What Makes an Educator Exceptional?

teachers who stand out are the ones who humanize their students

Lindsey Brandrup

Other than Teacher Appreciation Week, there isn’t a time when parents – and maybe even the community at large – appreciate teachers more than the week kids return to school. Facebook is filled with pictures of first days, teacher-themed inspirational quotes, and reminders of the ways teachers can change our lives. It’s one of those times we attempt to remember those that we take for granted, even if only artificially on social media. Sometimes it is the thought that counts.

What made these teachers exceptional is their ability to humanize, to see the diverse collection of students that arrive in their classes every fall as individuals and companions, however temporary, on the journey and in the struggle.

So think for a bit about the teacher in your life who made the biggest difference. Recall the moment that makes that person – above the hundreds, maybe thousands, of other people you saw on a daily basis during the school year – stand out. I’m not going to speculate on what makes that person unique. I don’t have to; I know from my own teachers.

Mrs. Kottwitz was my Spanish teacher for two consecutive years. She organized and chaperoned my class trip to Spain. She taught me to understand how language shapes reality. She taught me to love art. She was, by most standards, a rigorous teacher. Many of her students tested into upper-level Spanish courses in college. But when I think of her, I don’t have a test or project or any of those things in mind. I think of her teaching me about La Guernica and how I cried as I stood in front of it in Madrid. I think about her telling my volleyball coach, another chaperone on the trip, to let me be when we walked the streets of Sevilla and he started to question me about what I was doing to prepare in the off-season. And I think, most poignantly and most frequently, about the hug she gave me when I returned from a school hiatus, having spent some time away trying to learn how to cope with depression. We were by the library. I had missed four days of class and needed to find her to ask for help on getting caught up. Unlike my “well-respected” economics teacher, she didn’t insinuate that it must be nice to start the semester with a vacation; instead, she stopped, looked me in the eye, and gave me a hug. She said she didn’t know what I was going through, but that even though I felt broken at that time, I could heal. And I remember this 20 years later. I remember it so vividly that it brings tears to my eyes. And I am thankful that I had the chance to tell her, before she died too early of cancer, how much that moment meant to me.

Mr. Poss was not revered in the same way. He, too, died, though allegedly, and more than once. Legend has it that once he was brought back to life after having fallen through the ice while fishing and being dead for two full minutes. The legend left out – or was later footnoted to include – that the depth of the water was six inches. This was not his only brush with death. As a teacher, he was idiosyncratic; I can easily envision how he threw his chalkboard eraser at the loudspeaker when it would interrupt our class with an announcement. As students, we saw that he fought for a creative writing class in which we could bring in our own chairs. I brought in all the fittings of my bed – a comforter, a pillow, and blankets – and that is where I got to sit and write every day. It was the first class where I felt I was valued and allowed to explore my own thoughts. I did well in every class in high school, and college, because I had parents with high expectations, I was decent at reading, I knew how to listen and follow directions, and I had mastered the codes of communication and interaction that public schools require. But in Mr. Poss’s class, I felt that I had something meaningful to contribute to the world. I wrote a paper called “Surviving an Eating Disorder” that I’m sure wasn’t actually very good, but Mr. Poss encouraged me to write it and then shared it with my parents at conferences and it changed my relationship with them. Without the space created by Mr. Poss, without his attentive ear and his caring about me as a human being, it’s difficult to say if that breakthrough would have ever occurred. Perhaps his colleagues’ opinions would differ, but therein lies the point.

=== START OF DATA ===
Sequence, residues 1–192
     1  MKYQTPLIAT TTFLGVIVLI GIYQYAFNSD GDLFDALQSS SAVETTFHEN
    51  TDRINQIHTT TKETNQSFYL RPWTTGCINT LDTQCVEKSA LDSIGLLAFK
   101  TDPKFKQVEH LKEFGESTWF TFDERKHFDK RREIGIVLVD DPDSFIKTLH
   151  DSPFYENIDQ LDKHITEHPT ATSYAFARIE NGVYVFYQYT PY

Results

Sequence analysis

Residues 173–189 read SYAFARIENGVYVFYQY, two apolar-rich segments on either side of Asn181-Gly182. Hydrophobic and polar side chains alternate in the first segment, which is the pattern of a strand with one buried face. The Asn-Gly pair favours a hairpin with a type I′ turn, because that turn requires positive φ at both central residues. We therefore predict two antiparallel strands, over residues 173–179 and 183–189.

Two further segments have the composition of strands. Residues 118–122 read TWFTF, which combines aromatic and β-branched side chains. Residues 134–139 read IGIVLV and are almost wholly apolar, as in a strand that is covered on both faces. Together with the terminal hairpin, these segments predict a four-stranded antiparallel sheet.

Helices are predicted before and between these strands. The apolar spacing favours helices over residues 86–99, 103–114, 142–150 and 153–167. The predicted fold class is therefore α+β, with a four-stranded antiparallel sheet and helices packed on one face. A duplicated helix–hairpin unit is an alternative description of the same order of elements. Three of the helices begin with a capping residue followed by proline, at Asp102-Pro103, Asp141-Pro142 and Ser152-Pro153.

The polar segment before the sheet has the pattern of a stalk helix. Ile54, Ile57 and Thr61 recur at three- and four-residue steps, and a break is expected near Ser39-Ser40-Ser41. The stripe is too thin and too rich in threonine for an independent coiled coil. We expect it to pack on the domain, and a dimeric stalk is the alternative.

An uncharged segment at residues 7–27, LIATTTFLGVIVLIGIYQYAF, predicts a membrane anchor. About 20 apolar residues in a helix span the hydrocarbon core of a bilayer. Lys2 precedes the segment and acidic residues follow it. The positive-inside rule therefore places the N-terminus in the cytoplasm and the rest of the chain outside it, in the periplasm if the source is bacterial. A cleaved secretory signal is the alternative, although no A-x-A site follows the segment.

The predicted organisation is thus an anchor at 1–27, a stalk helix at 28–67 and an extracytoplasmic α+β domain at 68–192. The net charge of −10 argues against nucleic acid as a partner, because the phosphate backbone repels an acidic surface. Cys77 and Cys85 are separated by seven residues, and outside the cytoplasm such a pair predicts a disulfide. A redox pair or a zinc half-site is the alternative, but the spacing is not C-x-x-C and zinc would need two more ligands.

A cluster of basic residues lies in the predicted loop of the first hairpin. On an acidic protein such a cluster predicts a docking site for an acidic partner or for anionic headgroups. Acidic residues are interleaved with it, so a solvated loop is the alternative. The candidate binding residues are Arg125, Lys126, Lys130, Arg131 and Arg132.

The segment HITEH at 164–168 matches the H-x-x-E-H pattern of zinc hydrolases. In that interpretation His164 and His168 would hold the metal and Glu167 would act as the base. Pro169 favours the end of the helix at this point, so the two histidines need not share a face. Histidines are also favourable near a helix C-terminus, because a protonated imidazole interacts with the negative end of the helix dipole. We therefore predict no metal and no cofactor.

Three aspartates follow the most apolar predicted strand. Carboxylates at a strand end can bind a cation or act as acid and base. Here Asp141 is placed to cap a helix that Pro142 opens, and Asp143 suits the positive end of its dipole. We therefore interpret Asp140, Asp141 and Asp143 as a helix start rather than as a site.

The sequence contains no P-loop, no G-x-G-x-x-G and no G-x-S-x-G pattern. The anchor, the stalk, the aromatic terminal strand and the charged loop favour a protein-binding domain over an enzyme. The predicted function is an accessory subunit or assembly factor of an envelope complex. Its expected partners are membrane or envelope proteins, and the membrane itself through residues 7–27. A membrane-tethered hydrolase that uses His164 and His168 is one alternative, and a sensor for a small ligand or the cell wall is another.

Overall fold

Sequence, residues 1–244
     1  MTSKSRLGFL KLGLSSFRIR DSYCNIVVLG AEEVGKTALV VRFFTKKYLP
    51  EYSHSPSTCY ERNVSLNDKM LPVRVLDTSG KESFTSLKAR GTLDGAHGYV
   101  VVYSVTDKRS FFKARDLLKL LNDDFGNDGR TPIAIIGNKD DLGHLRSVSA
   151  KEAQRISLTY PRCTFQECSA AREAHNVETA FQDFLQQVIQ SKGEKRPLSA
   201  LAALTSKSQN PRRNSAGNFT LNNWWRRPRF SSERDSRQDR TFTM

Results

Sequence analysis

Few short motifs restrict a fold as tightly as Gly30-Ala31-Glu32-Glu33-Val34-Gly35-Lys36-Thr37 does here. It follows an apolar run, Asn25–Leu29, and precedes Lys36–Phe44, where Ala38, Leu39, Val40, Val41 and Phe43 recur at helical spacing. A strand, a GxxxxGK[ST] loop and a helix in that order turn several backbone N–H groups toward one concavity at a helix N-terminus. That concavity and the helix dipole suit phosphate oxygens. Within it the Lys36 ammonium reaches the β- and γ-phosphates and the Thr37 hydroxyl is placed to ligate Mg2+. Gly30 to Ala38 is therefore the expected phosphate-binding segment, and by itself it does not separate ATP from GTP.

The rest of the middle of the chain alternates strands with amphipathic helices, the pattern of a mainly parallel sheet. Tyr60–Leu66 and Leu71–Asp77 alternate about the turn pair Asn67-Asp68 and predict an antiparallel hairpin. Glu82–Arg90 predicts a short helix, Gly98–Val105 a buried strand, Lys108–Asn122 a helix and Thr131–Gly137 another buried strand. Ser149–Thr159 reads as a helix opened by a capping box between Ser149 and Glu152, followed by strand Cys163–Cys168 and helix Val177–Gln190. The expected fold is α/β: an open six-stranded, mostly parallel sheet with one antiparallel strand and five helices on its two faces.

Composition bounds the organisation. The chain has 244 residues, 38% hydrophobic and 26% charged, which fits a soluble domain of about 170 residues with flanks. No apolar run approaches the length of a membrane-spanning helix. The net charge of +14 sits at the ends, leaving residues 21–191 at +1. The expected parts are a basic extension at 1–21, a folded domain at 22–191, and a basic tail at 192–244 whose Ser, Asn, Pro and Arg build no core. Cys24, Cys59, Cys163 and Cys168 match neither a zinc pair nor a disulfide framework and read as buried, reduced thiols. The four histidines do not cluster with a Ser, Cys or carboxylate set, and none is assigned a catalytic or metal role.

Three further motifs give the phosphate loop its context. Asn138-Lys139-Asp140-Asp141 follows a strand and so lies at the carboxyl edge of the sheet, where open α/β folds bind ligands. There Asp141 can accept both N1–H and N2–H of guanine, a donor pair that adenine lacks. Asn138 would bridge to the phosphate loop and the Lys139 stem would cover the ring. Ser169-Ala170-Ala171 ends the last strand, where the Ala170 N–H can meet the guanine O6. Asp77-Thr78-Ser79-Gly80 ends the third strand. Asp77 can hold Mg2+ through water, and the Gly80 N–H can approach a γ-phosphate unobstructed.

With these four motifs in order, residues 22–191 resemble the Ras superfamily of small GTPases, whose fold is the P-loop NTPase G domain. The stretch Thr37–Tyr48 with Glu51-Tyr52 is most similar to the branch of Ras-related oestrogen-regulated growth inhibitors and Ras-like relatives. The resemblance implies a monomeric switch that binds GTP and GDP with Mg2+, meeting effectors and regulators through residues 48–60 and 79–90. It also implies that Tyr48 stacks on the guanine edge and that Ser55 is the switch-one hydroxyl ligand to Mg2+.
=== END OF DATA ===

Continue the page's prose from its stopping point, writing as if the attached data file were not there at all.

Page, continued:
These are the two teachers that I carry with me. I appreciate many others along the way, certainly, but what made these teachers exceptional – what makes a teacher exceptional – is their ability to humanize, to see the diverse collection of students that arrive in their classes every fall as individuals and companions, however temporary, on the journey and in the struggle.

The fact of the matter is that there is no one way to positively affect all kids. This isn’t to say that studies shouldn’t factor in to teaching, but it is to say that we can’t eliminate the role that human connection plays just because it doesn’t translate nicely into data. When it comes to communicating with other humans, even if those humans are young and their brains are still developing, there is just listening. There is just empathizing. There is just trying. That’s what should constitute an exceptional educator. Because it is exceptional to listen, empathize, and try to improve the lives of children who are not your own and to do so every single day.

This back-to-school season, perhaps you can best show your gratitude for teachers by sharing a moment of humanization one of yours was able to cultivate. And if you really want to be a stellar student, you could share it publicly. Gold stars for those who do.

Lindsey Brandrup is in her 12th year teaching high school English. She has taught Spanish and English in both public and charter school settings in Eau Claire and Milwaukee.